The 94th edition of the Salzburg Festival in 2014 was dedicated to the commemoration of the outbreak of World War I in 1914. After all, the founding of the Salzburg Festival with its chosen goal of (re-)connecting peoples was also a reaction to this “fundamental catastrophe” of the 20th century.
100 years after the deadly shots of Sarajevo plunged Europe into the abyss, the Australian historian Christopher M. Clark delivered a passionate plea for the European Union as “an act of transnational political will which ranks among the greatest achievements in the history of mankind”. He called the catastrophe of 1914 a reminder of the terrible consequences that can befall when politics fail, conversations fall silent and compromise is no longer possible.
With sold-out concerts, the Ouverture spirituelle dedicated itself to the musical dialogue between Christianity and Islam. Anton Bruckner’s symphonies, interpreted by outstanding conductor personalities of our times, and the cycle of Beethoven’s piano sonatas offered by Rudolf Buchbinder found enthusiastic audiences. The series Salzburg contemporary focused on Wolfgang Rihm, Marc-André Dalbavie and – in connection with the Ouverture spirituelle – on new music from the Islamic world. In his anniversary year, Richard Strauss was represented with his most important tone poems as well as a brilliant new production of the opera Der Rosenkavalier, conducted by Franz Welser-Möst at the Großes Festspielhaus. The new production of Il trovatore was sold out for months and then rewarded with standing ovations for the exquisite ensemble of singers, which included Francesco Meli, Anna Netrebko, Plácido Domingo and Marie-Nicole Lemieux. Further audience magnets were Mozart’s Don Giovanni, the first performance of a Schubert opera (Fierrabras) ever in Salzburg and the revival of Rossini’s La Cenerentola.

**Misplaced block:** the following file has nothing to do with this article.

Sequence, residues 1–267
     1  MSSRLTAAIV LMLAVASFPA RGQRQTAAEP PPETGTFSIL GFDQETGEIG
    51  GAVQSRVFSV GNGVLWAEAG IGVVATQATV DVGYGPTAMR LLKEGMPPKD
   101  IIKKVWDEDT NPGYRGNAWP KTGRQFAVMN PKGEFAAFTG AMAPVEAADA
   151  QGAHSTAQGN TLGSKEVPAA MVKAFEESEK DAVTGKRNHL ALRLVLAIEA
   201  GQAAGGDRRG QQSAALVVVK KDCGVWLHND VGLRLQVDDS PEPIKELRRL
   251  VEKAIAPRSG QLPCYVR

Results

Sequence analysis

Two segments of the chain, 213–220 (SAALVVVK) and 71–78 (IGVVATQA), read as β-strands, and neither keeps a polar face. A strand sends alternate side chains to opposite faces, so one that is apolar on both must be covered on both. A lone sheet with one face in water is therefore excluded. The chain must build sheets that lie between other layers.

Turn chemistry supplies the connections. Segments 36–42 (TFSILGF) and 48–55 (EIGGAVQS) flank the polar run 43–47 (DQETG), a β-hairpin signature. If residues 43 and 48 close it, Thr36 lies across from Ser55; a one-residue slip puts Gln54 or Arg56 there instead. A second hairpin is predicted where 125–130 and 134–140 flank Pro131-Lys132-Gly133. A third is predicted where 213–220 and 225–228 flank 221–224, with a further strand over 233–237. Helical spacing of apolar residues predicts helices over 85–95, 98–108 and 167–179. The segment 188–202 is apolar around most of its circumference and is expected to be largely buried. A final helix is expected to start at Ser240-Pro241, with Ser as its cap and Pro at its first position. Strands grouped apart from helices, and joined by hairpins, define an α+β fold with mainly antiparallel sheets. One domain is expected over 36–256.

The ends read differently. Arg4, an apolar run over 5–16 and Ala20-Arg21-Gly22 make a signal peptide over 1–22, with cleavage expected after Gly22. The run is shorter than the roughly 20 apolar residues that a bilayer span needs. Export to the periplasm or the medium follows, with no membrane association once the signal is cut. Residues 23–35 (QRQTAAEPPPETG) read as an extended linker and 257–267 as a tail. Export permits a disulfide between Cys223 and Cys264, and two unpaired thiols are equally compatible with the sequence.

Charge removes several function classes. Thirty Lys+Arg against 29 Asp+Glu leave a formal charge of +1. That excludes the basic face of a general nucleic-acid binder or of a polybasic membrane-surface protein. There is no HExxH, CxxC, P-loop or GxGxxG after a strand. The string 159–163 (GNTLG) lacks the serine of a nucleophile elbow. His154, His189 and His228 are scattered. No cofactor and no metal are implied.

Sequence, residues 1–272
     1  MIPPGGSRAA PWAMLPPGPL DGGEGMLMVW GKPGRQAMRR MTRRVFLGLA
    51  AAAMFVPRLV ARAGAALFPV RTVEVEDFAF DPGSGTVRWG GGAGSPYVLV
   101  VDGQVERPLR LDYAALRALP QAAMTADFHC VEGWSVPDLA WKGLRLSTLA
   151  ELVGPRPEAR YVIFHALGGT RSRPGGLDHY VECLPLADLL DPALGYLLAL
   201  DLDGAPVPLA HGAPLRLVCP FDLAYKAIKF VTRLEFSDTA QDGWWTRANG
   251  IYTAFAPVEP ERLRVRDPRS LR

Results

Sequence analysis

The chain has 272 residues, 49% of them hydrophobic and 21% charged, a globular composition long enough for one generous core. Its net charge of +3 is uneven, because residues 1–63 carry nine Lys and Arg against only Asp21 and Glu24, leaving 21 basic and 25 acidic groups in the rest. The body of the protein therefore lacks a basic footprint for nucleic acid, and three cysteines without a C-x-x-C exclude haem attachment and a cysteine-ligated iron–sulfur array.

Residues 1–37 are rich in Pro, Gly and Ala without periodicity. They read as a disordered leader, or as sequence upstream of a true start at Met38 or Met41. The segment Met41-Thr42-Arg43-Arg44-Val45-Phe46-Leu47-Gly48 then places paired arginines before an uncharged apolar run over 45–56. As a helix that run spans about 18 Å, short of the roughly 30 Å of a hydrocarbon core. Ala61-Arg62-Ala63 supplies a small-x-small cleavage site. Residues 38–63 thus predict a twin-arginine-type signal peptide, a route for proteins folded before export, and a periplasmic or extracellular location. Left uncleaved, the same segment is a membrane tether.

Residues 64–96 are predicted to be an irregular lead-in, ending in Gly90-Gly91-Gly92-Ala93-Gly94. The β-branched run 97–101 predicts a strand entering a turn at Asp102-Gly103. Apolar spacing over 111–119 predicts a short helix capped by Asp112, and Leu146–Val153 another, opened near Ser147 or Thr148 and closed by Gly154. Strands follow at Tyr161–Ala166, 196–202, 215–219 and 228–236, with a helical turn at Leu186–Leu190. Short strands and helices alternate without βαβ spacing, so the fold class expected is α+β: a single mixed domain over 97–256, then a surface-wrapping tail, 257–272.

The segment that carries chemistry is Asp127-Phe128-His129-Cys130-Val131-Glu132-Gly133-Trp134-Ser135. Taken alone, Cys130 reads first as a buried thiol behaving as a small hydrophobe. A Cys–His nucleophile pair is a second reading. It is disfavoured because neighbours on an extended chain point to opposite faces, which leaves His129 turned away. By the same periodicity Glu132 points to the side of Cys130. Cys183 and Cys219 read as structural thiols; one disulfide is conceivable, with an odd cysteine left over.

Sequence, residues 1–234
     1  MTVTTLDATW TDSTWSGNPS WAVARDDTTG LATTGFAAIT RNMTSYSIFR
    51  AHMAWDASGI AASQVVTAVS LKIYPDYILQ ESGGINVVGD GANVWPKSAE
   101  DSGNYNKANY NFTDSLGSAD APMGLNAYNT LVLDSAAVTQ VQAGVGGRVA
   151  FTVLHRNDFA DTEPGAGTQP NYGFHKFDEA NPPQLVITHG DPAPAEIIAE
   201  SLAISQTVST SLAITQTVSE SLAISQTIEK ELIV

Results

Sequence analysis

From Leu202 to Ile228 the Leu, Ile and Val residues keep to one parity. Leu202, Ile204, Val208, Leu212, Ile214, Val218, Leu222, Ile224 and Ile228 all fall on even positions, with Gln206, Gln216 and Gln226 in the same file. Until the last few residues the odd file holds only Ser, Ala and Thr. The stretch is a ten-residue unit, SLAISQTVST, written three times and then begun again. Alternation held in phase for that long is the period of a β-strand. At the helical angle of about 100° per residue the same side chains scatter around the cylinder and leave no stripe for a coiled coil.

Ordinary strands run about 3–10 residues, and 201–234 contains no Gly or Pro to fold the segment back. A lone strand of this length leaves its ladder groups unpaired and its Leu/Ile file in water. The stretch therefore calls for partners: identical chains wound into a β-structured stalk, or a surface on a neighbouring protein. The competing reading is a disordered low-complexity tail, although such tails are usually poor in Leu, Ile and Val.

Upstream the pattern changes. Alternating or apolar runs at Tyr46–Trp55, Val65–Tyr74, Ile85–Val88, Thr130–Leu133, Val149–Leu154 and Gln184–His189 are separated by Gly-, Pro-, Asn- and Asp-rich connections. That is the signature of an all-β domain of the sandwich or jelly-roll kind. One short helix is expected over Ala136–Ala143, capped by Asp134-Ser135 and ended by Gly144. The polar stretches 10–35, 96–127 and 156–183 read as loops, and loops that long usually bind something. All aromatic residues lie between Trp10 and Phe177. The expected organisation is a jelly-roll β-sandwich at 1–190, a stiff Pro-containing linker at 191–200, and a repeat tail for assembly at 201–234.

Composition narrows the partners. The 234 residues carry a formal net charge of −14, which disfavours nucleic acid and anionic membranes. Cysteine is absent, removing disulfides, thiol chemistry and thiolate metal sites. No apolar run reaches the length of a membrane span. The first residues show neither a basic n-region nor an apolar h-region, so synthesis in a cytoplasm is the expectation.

The Jedermann production by Julian Crouch and Brian Mertes continued to enchant audiences in its second year. The new productions of Karl Kraus’ Die letzten Tage der Menschheit, Ödön von Horváth‘s Don Juan kommt aus dem Krieg, the world premiere of Forbidden Zone by Duncan Macmillan and Katie Mitchell as well as the productions of the Young Directors Project and Suzanne Andrade’s Golem reflected today’s perspectives on World War I.
Statistically, the audience’s enthusiasm for staged productions and concerts is reflected by the following numbers: 271,301 guests from 74 nations, including 35 non-European nations, attended the 94th Salzburg Festival. The total of 28.5 million Euros revenue exceeded the budget by 1.2 million Euros.
The 2014 programme of the Salzburg Festival offered 229 regular events at 16 performance venues in the three genres of opera, concerts and drama:
• 37 opera performances (6 productions)
• 3 concert performances of operas (2 operas)
• 84 concerts (71 different programmes)
• 64 drama performances (9 productions)
• 2 readings
• 4 YSP master classes
• 34 performances in the children’s programme
• The Festival Ball